From comics to the Classics

When the bell rang, the 15 third-grade students would ignore it. They stayed glued to their seats, engrossed in their assignment of reading comic books.

For the last month, the students in Starlet. Lindblad and Jennifer Palmer's reading class at Forest Lakes Elementary School seemed to be intrigued as they followed the adventures of Donald Duck or sketched their own comics. At the end of the school year, they put together their own comic strips - from a superhero clash between Water Girl and Fire Boy, to tales about two puppies visiting the beach or Donald Duck's visit to DisneyWorld.


Two years ago, the Maryland State Department of Education began a pilot program, distributing Disney comics to 200 elementary classrooms across the state, including those in Harford County schools.

Darla F. Strouse, who has headed the program for the state, said the pilot was a way of getting students interested in reading, and there are plans to expand the comic book program to middle school students.


The plan is to translate European graphic novels of 50 classics, such as Treasure Island, 20,000 Leagues Under the Sea, The Hunchback of Notre Dame, Les Miserables and Robinson Crusoe, into English. These graphic novels, which have less than 3,500 words each, are used in France, Strouse said.

"There is a big concern that kids are not interested in reading - with all the games, TV, computer games, movies," Strouse said. "We want to make it palatable for kids and work with them to read more. In some of the pilots in France, the kids loved [the graphic novels] so much they wanted to read the whole book."

The graphic novels will be a condensed version of the novels, containing pictures of action scenes and 16 pages of vocabulary, an explanation of the culture, the writer and the setting of the novel.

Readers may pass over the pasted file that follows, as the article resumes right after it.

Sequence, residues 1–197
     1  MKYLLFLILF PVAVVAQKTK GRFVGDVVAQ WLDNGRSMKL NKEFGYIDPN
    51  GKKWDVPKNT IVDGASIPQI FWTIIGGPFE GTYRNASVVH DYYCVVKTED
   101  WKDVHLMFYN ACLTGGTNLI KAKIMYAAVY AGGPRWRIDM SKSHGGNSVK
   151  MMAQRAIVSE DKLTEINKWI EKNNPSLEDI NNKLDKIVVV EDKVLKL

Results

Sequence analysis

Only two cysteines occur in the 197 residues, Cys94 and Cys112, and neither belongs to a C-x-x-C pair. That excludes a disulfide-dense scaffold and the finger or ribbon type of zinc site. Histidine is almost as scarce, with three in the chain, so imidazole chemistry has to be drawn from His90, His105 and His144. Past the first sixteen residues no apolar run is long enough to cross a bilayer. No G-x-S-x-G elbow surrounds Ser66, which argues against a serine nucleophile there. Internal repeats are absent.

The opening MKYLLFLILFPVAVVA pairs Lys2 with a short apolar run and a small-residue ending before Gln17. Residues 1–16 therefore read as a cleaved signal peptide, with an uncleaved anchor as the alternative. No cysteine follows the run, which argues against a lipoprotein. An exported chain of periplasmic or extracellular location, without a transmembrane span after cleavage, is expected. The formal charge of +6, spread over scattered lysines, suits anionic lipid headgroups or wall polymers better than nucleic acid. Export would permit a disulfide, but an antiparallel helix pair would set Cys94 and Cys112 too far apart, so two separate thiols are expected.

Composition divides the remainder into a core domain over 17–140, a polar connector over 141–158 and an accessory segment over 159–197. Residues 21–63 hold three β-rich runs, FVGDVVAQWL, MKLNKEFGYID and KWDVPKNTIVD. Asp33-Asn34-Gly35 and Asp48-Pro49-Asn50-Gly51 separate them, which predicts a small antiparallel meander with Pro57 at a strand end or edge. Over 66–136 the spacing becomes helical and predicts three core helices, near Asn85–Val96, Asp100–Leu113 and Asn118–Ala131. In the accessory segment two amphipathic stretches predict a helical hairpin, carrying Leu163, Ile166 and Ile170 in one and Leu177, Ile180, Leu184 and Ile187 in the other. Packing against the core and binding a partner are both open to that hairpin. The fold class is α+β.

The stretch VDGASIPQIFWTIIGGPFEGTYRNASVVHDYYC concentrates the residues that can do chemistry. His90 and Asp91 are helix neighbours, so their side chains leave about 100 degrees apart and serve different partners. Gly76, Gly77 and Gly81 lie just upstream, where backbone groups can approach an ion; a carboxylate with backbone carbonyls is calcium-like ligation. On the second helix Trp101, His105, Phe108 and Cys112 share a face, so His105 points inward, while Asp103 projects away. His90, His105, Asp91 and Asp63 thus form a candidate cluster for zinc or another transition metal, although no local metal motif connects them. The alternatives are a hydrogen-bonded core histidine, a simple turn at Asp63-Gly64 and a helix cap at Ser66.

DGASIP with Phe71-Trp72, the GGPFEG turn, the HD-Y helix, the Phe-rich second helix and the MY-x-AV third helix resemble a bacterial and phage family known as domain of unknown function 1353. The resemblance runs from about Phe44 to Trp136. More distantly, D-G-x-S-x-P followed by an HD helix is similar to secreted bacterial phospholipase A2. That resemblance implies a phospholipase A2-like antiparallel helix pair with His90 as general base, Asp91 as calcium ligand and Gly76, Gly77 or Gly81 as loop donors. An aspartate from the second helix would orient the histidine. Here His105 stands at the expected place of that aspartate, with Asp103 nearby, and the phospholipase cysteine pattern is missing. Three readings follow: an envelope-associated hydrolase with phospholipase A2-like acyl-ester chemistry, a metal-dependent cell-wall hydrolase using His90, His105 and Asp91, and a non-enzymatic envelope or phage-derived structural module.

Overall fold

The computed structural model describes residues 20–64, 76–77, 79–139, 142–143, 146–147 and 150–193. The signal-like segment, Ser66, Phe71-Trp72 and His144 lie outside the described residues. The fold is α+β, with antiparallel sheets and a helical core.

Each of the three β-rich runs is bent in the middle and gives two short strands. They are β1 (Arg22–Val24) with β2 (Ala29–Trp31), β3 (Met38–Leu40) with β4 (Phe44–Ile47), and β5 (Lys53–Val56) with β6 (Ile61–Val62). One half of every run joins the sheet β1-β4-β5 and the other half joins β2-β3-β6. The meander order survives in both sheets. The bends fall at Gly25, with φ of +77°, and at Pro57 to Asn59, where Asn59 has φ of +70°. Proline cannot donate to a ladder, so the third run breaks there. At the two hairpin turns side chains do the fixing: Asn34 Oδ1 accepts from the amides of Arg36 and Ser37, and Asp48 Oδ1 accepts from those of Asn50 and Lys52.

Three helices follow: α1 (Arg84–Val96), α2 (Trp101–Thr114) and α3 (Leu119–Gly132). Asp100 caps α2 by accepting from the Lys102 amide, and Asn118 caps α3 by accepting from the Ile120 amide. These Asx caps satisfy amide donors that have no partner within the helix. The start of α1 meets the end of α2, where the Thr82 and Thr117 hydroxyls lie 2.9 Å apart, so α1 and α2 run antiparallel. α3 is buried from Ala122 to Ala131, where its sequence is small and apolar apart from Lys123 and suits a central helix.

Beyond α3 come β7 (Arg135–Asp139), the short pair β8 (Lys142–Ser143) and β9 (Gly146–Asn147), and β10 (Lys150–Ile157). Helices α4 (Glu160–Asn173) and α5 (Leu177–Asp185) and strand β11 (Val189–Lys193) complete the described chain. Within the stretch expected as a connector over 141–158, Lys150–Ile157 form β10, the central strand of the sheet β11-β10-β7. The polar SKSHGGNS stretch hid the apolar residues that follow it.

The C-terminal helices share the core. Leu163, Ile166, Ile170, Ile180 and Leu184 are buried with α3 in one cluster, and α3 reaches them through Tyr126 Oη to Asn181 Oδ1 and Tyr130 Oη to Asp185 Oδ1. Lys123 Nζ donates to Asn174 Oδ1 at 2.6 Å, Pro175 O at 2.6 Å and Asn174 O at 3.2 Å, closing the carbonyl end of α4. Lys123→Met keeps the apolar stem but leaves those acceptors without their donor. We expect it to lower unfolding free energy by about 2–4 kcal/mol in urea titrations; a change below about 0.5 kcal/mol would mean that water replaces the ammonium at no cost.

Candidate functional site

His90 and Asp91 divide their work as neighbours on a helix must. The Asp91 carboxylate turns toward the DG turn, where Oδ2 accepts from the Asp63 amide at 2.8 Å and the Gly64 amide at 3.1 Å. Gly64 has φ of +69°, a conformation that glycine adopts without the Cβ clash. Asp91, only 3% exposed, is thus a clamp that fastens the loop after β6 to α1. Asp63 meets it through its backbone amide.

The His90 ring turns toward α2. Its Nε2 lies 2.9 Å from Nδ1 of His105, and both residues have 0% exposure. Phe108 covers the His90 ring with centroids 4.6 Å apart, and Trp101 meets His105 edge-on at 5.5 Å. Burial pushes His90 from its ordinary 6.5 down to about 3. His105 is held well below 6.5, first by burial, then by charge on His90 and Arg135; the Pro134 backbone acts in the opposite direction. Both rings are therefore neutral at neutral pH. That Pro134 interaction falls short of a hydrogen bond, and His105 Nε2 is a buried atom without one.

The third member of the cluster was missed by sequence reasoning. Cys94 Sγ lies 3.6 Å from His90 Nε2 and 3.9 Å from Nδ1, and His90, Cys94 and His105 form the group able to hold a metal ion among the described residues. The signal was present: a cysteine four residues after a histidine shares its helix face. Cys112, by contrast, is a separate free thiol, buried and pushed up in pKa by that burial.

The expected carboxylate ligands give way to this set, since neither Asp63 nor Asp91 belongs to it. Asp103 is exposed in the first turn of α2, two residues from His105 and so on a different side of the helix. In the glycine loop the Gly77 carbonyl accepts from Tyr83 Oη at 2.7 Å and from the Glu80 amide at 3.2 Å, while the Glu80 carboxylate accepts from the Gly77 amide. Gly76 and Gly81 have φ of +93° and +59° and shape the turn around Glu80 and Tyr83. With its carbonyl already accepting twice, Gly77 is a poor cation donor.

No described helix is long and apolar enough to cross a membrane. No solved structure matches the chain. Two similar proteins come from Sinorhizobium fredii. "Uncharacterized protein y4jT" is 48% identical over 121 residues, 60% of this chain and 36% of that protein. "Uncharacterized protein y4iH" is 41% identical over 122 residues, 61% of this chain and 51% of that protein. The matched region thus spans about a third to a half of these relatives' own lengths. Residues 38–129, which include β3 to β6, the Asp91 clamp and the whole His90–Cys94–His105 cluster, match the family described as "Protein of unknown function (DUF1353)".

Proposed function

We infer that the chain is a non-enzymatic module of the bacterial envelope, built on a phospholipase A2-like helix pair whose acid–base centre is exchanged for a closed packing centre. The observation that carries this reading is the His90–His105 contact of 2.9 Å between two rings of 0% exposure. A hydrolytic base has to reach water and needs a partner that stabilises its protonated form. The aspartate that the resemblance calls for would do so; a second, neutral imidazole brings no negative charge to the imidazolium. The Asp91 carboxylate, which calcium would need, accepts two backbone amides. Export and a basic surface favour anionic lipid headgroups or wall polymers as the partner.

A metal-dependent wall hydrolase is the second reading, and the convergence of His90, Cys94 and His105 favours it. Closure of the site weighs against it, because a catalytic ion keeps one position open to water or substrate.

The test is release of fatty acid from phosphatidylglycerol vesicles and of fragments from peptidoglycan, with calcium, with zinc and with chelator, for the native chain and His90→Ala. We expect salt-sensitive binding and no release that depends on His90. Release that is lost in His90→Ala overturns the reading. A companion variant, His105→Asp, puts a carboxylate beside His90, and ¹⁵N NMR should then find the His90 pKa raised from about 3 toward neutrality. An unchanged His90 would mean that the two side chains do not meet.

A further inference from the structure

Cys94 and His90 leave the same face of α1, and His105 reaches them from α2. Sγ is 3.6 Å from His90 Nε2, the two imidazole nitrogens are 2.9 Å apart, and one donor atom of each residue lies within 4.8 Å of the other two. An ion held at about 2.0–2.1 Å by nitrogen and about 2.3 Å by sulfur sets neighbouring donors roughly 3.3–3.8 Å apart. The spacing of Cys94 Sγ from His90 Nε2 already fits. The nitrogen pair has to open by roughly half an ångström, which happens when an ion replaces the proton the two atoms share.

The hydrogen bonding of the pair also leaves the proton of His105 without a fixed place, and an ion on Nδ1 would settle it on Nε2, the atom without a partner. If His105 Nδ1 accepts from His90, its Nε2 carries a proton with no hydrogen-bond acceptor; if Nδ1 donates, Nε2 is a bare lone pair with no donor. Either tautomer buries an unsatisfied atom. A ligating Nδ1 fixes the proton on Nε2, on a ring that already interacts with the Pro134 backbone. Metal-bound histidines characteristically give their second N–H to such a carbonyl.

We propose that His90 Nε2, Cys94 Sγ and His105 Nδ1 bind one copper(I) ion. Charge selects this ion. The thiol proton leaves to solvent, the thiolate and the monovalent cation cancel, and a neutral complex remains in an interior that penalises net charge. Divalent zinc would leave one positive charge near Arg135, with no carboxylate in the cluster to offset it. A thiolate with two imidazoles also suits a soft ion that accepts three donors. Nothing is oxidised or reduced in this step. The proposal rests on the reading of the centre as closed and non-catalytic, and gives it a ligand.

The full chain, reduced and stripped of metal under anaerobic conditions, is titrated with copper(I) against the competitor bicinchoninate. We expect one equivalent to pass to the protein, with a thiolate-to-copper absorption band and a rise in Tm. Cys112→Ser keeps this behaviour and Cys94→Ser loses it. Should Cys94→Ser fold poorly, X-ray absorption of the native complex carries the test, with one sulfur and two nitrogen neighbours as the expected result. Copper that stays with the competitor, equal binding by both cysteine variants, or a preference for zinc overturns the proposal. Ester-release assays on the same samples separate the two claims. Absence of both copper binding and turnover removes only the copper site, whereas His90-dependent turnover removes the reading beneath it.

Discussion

The books, which will be in English, should be ready by 2009, Strouse said.

While supporters say that the comics attract students of any age or ability to read, skeptics say the material contains fewer words and reduces substantial reading.

Strouse said it is not a dumbing down of the original material. "It's a way to pique interest," she said.

Lindblad, who used the comic book lessons with Palmer to teach their class this year, said the comics provide a valuable tool for her third-grade students. She said they learned about onomatopoeia, interjections and inferences. They also learned the structural elements of a story, such as plot lines, setting and character development.

They used critical-thinking skills to understand the story and what goes on between one panel to the next, she said. By the end of the school year, the students sketched their own four-panel comic. Many students wanted to go above and beyond the assignment, Lindblad said. Some turned in eight panels.


"They just wanted to go on and on," she said.

At the end of the school year, the teachers compiled the students' work into an anthology and threw a party, inviting the parents to see the results. The students sat with their parents, sipping from juice boxes and munching on pretzels and carrots as they read the comics.

"Anything to get the kids excited about reading, it's a great idea," said Maria Kalbac, the mother of Becky, one of the third-graders. Her daughter, a slender girl with auburn curls, said sketching the comics was a lot easier than writing.

Her comic, titled The Big and Funny Problem, features a story about a classroom where the stick-figure kids play a prank on their stick-figure teacher and plant a whoopee cushion on her chair.

"It's very funny," Becky said of her four-panel comic strip. "The teacher sits on a whoopee cushion."

How did her two reading teachers feel about her comic?


"They both laughed," she said.